Tuesday, December 24, 2013
Well, it's almost Christmas. The traffic is thicker and our patience is thinner. We're beginning to put one eye on the calendar and the other on the checkbook make sure that one doesn't get ahead of the other. That fear can begin to start - what if we don't have enough? Don't you miss those days as children when you never gave a thought to Christmas' cost?
My family was not wealthy by any means, but neither were we poor. Like many, we lived from week to week, knew our banker or loan officer well, and while we never lacked, we never prospered. Yet every Christmas that I can remember came and went leaving me filled with the belief that I had been blessed. If I wanted a "Johnny 7 One Man Army Gun" badly enough, it seemed to find its way to the tree. If a "Model Motoring by Aurora" racetrack caught my fancy, well, apparently Santa knew that too.
Even though I knew from my trips to the stores that such things had prices, I never concerned myself with the cost.
Yet there was a cost - a sacrifice for my parents - every year. As I grew older, I'd catch snippets of conversations about the bills, and their struggle to pay them. "What are we going to do?", I'd hear my Mother say with worry and fear coloring her voice. "I don't know, but they are going to have Christmas," replied my Father, somewhat more hopefully, but still unsure. And off they'd go to the Western Auto, or to Sears, or to somewhere else they could buy toys and pay on time.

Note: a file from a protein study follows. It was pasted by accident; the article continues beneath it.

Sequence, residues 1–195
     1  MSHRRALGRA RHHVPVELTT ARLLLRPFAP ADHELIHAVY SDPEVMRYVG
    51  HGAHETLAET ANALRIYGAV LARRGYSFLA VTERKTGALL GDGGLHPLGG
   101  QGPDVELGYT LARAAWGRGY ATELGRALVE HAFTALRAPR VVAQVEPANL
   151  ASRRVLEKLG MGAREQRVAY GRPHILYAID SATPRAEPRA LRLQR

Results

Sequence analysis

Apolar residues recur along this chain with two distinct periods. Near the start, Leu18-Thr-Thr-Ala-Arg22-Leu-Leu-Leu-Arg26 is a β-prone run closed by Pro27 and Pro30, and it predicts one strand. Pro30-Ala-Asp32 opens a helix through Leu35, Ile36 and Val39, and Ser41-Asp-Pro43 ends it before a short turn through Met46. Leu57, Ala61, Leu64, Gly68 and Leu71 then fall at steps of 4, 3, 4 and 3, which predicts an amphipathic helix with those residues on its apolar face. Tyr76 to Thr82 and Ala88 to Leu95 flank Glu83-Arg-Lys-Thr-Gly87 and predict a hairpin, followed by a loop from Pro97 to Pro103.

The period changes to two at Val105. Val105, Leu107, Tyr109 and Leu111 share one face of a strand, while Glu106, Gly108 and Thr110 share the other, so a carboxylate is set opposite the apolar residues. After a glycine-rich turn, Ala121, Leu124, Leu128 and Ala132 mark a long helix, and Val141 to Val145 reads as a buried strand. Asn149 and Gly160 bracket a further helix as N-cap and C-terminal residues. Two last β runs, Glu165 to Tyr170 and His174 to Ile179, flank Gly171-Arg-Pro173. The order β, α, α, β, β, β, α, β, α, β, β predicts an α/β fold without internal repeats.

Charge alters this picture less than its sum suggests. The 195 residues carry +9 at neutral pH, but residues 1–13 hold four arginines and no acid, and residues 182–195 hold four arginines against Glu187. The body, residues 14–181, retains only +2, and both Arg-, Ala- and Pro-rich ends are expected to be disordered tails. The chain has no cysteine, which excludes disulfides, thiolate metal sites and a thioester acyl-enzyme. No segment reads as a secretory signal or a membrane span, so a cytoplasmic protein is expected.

Gradually I realized that my Christmas gifts cost them dearly. In time, in energy, in stress. My mother would cut corners - patch jeans, save pennies. My father would work overtime even after his regular swing shift. So somehow, every year there'd come Christmas. It came with a cost.
It always has.
That's why we have communion on Christmas Eve. To remember the cost.
My prayer is that as we celebrate the birth of Christ tomorrow, we remember that He came to pay the price for our sins.